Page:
Chapter

The Hebrew First Crusade Narratives: Time-Bound Objectives

Robert Chazan

in God, Humanity, and History

Published by University of California Press

Published in print September 2000 | ISBN: 9780520221277
Published online March 2012 | e-ISBN: 9780520923959 | DOI: http://dx.doi.org/10.1525/california/9780520221277.003.0008
The Hebrew First Crusade Narratives: Time-Bound Objectives

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This chapter studies the Hebrew prose narratives that were written shortly after the calamity of 1096. These prose narratives were meant to address both time-bound and timeless concerns at the same time. It also shows that the authors of these narratives believed that prose could be effectively used to build an explanatory rationale for the events. A close analysis of the Hebrew prose narratives reveals that the traditional emphasis placed on these three narratives as three related compositions is of limited utility. The chapter also considers the issues of theodicy and historiographic assumptions that concern God, humanity, and history.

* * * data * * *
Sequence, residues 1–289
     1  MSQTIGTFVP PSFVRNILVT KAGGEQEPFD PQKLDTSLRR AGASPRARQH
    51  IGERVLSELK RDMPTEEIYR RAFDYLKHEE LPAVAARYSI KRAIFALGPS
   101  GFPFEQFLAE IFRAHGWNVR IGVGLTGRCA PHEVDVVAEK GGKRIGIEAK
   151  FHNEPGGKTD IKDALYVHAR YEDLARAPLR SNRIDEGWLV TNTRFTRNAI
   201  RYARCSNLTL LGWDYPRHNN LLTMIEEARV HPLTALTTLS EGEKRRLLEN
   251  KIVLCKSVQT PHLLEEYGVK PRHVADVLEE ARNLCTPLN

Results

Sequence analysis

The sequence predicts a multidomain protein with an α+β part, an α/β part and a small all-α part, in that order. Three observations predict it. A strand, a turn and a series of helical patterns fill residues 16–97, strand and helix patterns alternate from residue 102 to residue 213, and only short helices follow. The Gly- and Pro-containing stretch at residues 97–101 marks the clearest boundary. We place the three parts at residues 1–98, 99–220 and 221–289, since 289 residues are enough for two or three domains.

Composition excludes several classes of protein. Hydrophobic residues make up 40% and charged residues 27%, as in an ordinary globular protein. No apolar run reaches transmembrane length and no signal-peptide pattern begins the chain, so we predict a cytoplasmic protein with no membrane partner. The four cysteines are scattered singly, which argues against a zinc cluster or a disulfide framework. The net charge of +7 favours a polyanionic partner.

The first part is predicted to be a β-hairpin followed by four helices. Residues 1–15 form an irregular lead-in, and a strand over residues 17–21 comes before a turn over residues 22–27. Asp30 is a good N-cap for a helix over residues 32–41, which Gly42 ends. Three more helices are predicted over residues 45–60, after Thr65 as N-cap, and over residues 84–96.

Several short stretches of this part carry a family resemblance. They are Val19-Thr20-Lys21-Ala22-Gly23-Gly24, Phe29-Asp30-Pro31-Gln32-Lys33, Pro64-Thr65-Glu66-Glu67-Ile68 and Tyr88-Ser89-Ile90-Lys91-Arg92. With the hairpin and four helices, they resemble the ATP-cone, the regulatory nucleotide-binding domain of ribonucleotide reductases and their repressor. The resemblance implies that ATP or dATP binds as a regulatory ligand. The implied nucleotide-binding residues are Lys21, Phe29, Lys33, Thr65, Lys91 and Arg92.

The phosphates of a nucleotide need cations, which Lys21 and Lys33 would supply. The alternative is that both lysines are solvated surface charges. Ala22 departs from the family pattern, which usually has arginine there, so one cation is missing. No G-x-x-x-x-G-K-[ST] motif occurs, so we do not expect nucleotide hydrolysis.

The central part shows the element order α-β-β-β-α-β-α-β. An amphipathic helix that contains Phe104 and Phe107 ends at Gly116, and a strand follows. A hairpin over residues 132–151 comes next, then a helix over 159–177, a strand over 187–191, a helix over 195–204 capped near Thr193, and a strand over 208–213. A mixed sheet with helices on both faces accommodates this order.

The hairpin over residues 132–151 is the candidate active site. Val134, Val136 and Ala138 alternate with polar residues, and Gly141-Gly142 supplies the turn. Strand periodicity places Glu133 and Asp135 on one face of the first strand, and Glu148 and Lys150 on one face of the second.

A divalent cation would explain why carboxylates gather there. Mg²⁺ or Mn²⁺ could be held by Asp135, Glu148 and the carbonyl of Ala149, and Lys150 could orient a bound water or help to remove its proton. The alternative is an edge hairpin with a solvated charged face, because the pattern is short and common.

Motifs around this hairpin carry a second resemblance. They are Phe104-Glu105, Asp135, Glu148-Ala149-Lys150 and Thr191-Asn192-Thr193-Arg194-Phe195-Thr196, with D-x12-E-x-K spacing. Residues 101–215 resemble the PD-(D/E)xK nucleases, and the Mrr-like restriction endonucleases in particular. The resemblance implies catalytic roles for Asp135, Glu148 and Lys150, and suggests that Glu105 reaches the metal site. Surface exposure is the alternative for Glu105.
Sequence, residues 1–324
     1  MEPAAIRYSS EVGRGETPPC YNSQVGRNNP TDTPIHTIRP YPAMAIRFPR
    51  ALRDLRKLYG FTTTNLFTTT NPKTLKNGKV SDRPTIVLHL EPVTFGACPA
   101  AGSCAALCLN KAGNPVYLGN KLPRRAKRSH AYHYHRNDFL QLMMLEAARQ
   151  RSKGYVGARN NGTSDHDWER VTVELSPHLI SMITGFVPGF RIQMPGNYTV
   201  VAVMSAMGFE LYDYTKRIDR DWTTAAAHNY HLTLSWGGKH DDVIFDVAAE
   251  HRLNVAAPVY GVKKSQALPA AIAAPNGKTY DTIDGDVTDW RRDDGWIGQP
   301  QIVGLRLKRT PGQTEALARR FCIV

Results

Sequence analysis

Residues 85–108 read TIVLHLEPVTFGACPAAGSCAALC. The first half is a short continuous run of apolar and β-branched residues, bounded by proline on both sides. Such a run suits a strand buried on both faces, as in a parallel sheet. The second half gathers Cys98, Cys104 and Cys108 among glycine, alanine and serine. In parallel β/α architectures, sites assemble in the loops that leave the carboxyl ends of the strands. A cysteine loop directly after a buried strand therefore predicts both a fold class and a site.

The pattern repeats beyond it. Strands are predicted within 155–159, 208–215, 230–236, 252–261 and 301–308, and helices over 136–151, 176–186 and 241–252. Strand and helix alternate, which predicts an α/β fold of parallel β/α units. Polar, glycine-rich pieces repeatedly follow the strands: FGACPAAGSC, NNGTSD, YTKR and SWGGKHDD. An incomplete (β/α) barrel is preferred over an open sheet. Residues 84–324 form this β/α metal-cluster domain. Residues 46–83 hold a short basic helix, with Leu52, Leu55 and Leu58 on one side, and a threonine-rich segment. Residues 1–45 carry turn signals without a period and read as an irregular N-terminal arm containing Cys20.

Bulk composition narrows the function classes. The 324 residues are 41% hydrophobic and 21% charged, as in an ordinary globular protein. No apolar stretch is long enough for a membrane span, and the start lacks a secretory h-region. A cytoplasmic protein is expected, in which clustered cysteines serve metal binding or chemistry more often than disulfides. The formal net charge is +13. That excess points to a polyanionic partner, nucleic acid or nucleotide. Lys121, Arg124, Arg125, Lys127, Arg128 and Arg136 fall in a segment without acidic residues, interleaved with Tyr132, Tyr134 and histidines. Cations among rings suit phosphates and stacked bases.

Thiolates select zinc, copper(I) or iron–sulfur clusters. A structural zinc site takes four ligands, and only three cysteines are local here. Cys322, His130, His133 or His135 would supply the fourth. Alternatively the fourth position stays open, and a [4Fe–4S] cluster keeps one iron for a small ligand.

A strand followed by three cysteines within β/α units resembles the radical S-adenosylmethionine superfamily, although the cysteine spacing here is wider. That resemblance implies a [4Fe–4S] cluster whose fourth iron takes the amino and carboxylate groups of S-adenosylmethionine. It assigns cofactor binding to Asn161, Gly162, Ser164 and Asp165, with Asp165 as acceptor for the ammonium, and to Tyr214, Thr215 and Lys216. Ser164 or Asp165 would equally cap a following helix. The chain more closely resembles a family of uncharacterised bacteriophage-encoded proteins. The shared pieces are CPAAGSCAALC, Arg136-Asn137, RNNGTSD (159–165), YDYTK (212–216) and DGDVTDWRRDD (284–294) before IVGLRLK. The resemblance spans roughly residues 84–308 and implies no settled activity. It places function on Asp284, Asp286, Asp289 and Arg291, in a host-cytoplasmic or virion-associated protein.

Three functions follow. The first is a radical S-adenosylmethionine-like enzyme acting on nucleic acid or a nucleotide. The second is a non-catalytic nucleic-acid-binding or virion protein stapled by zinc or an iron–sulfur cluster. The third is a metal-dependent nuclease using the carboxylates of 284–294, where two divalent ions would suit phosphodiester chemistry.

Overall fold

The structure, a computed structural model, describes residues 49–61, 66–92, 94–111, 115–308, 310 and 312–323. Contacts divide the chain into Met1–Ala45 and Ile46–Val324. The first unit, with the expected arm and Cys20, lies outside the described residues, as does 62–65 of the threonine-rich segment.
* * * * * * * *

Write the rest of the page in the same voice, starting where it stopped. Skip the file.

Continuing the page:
Keywords: Hebrew; prose narratives; 1096 calamity; theodicy; historiographic assumptions; humanity; God; history

Chapter.  5063 words. 

Subjects: Modern History (1700 to 1945)

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